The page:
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The difficult business of football

DECCAN CHRONICLE | GAYATRI REDDY
Published Sep 9, 2015, 9:17 am IST
Updated Mar 27, 2019, 9:48 pm IST
Yogesh Maurya, co-owner of Fateh Hyderabad FC talks, about his passion
Maurya, a Columbia University and Wharton School graduate, says that he fell in love with football growing up in New Jersey, when he was only three. (Location Courtesy: Park Hyatt Hyderabad)
 Maurya, a Columbia University and Wharton School graduate, says that he fell in love with football growing up in New Jersey, when he was only three. (Location Courtesy: Park Hyatt Hyderabad)

Yogesh Maurya and Aditya Narayanan, the owners of Hyderabad’s I-League team, Fateh Hyderabad FC, are looking to launch an innovative, not for profit, grass-roots programme, by the end of this year, where kids under the age-group of six can come and learn ball manipulation skills, will be given the right ball, kit... even parents will be counselled on why it’s crucial for kids to play sport.”

Talking about why it’s crucial to nurture talent in tiny tots, Yogesh explains, “From the age of two, eye-foot coordination with the third object is extremely demanding on the neuro-motor system. The first thing we need to see to develop the sport is players who are technically capable of manipulating a football at a very young age.

“As a player learns how to  manipulate the ball and that ball becomes their favourite toy, they will start to engage in the famous 10,000 hours of practise. That is when you see their technique rise to the level where they can compete against other countries.”

Talking about their love for the game, Maurya says that a dream to nurture young football talent prodded them to invest in Fateh Hyderabad FC. Maurya, a Columbia University and Wharton School graduate, says that he fell in love with football growing up in New Jersey, when he was only three. “The ball was my favourite toy. I was probably the only Indian player across five states while growing up... We would show up at games and people would be like, ‘Who is this Indian kid?’”

This constant question made Yogesh ask his Hyderabad-born father why other Indians were not playing football, and his dad would tell him stories about India’s glory days in the sport and “somewhere the passion was infused”. After graduation, Maurya chose a corporate career over football. He headed a real estate company in Hyderabad, then moved to the Xander Group, the largest real estate, private equity investor in India. For the last five years he has started to gradually transition himself to be more involved full-time in football.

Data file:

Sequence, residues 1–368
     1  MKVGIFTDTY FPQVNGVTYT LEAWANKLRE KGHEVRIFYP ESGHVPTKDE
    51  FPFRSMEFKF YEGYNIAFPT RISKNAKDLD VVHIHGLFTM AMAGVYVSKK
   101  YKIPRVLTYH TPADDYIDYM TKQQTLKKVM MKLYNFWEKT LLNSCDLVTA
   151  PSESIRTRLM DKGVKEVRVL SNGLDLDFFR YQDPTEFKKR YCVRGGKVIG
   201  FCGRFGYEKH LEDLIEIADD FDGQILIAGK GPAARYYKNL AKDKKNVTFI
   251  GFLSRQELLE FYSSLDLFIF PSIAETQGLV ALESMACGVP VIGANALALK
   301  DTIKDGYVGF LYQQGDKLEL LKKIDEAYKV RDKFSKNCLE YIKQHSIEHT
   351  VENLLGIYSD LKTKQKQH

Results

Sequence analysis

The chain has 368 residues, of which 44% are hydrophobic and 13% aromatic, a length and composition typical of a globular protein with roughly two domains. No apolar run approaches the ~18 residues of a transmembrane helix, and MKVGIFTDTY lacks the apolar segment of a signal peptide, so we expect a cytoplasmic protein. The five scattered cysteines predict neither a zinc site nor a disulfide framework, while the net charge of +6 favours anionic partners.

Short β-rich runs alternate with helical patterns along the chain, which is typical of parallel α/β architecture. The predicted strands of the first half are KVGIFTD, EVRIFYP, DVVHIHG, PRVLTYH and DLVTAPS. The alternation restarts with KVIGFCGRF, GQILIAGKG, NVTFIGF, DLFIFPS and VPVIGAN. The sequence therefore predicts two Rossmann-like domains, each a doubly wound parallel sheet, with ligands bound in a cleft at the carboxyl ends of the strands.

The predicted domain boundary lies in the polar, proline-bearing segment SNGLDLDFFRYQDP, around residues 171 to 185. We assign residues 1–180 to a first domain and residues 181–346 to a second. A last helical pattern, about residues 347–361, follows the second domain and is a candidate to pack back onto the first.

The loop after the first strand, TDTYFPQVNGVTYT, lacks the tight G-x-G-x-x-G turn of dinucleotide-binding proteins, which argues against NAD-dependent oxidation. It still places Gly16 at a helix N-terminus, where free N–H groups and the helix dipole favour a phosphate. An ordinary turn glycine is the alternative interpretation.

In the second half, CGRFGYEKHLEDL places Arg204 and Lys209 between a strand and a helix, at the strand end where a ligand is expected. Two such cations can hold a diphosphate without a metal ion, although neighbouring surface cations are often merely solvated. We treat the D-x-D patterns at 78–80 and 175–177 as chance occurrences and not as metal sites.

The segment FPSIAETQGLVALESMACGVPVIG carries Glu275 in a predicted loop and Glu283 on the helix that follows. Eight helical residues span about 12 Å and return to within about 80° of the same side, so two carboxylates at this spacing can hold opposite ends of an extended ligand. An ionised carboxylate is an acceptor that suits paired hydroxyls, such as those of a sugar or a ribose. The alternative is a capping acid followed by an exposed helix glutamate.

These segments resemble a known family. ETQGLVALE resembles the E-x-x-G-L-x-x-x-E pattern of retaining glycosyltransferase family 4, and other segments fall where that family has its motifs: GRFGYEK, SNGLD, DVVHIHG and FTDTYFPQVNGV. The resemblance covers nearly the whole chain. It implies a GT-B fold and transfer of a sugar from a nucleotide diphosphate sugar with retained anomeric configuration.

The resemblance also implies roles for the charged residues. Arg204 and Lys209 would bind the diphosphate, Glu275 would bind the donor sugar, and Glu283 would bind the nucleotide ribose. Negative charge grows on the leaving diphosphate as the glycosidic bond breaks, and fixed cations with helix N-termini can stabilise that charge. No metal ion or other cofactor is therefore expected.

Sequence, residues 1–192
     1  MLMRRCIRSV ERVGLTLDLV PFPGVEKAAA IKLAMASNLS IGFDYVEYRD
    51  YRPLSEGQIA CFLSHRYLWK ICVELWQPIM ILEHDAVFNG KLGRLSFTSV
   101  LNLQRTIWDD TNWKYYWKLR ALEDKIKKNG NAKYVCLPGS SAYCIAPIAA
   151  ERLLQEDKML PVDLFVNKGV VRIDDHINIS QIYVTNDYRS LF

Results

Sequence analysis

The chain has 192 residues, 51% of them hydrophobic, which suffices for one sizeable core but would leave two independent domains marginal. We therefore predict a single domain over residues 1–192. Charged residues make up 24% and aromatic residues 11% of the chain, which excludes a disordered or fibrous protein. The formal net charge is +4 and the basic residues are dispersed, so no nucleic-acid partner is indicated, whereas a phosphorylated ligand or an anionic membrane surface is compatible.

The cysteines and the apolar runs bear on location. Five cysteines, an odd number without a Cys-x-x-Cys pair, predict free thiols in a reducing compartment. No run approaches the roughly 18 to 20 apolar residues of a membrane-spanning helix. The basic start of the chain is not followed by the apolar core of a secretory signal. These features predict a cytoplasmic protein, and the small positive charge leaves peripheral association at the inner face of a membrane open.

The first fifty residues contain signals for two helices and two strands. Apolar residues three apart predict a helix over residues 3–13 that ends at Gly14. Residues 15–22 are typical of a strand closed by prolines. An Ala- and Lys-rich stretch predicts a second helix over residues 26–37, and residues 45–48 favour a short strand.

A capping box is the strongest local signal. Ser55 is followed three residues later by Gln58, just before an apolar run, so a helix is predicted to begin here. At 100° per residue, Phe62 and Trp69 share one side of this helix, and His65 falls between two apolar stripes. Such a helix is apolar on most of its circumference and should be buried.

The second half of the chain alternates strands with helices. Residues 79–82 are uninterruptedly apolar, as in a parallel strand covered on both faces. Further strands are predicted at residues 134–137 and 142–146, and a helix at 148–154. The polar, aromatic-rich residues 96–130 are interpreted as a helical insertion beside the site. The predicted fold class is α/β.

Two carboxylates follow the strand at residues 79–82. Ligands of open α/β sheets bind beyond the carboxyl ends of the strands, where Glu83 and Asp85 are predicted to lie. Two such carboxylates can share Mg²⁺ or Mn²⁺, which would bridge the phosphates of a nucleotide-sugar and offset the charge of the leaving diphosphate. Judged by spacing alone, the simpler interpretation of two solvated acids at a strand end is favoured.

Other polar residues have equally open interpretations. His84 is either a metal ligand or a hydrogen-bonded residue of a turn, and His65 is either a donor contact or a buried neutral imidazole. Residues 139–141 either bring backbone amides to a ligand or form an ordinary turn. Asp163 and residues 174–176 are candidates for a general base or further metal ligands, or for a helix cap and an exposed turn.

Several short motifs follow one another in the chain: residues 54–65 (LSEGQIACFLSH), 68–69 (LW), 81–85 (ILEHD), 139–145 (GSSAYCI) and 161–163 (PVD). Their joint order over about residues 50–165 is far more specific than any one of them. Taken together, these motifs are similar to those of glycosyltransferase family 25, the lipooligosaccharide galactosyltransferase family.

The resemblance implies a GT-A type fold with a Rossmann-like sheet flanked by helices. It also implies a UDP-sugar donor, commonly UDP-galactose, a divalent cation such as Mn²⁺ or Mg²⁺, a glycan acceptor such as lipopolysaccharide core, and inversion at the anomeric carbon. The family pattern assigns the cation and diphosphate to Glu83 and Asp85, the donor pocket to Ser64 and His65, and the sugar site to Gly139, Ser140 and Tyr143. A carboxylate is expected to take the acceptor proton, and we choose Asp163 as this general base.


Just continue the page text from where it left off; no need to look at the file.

While Maurya is the hands-on partner based in Hyderabad, up at the crack of dawn, overseeing practise sessions and back on the pitch at 4.30 pm for the second round of training, his friend and co-owner Aditya is a Wall Street hedge fund manager.

So, how did they meet and what is Aditya’s role in the team? “Aditya and I went to school together at Wharton and are close friends. He has a passion for the game and a particular passion for developing youth.” So, the Fateh Club is not just a trophy asset? “I am in the game because I have a passion and certain mission. In our club, young players are going to play, even if they are inexperienced though the team would look better on paper with experienced players.”

This mission to develop young players is the reason why Yogesh has never tempted to invest in an ISL team. “In ISL, the proposition, clearly in terms of value, was different from our approach at this moment.”

But the I-League is looking shaky in terms of certain owners withdrawing from it. “Yes, these are respectable ownership groups that have said they want to take a break or stop indefinitely. They must have their reasons but our business model in Hyderabad is different. Even if the I-league were to shut next year, it would not change my business plan one bit. In our model if I make a mistake it is not a Rs 10 crore mistake, it is a mistake in lakhs, so it’s okay.”

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